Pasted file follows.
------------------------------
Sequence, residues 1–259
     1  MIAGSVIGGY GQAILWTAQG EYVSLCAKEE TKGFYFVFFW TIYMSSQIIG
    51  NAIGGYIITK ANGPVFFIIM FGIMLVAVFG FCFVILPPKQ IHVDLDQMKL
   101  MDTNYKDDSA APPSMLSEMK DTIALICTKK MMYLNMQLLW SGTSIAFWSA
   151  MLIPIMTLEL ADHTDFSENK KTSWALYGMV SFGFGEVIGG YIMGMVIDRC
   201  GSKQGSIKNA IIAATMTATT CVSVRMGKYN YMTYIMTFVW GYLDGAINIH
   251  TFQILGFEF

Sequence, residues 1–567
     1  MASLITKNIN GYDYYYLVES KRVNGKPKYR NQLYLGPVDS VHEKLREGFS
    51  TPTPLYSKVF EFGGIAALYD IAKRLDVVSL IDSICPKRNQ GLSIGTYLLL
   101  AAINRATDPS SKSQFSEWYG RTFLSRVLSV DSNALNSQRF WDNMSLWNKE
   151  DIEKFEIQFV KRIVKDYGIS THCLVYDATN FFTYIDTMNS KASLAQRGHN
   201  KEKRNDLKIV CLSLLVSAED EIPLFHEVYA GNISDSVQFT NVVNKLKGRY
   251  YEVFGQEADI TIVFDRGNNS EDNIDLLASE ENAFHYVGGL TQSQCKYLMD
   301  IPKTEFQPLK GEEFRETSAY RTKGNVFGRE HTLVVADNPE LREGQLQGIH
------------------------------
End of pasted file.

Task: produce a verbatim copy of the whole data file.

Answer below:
Sequence, residues 1–259
     1  MIAGSVIGGY GQAILWTAQG EYVSLCAKEE TKGFYFVFFW TIYMSSQIIG
    51  NAIGGYIITK ANGPVFFIIM FGIMLVAVFG FCFVILPPKQ IHVDLDQMKL
   101  MDTNYKDDSA APPSMLSEMK DTIALICTKK MMYLNMQLLW SGTSIAFWSA
   151  MLIPIMTLEL ADHTDFSENK KTSWALYGMV SFGFGEVIGG YIMGMVIDRC
   201  GSKQGSIKNA IIAATMTATT CVSVRMGKYN YMTYIMTFVW GYLDGAINIH
   251  TFQILGFEF

Sequence, residues 1–567
     1  MASLITKNIN GYDYYYLVES KRVNGKPKYR NQLYLGPVDS VHEKLREGFS
    51  TPTPLYSKVF EFGGIAALYD IAKRLDVVSL IDSICPKRNQ GLSIGTYLLL
   101  AAINRATDPS SKSQFSEWYG RTFLSRVLSV DSNALNSQRF WDNMSLWNKE
   151  DIEKFEIQFV KRIVKDYGIS THCLVYDATN FFTYIDTMNS KASLAQRGHN
   201  KEKRNDLKIV CLSLLVSAED EIPLFHEVYA GNISDSVQFT NVVNKLKGRY
   251  YEVFGQEADI TIVFDRGNNS EDNIDLLASE ENAFHYVGGL TQSQCKYLMD
   301  IPKTEFQPLK GEEFRETSAY RTKGNVFGRE HTLVVADNPE LREGQLQGIH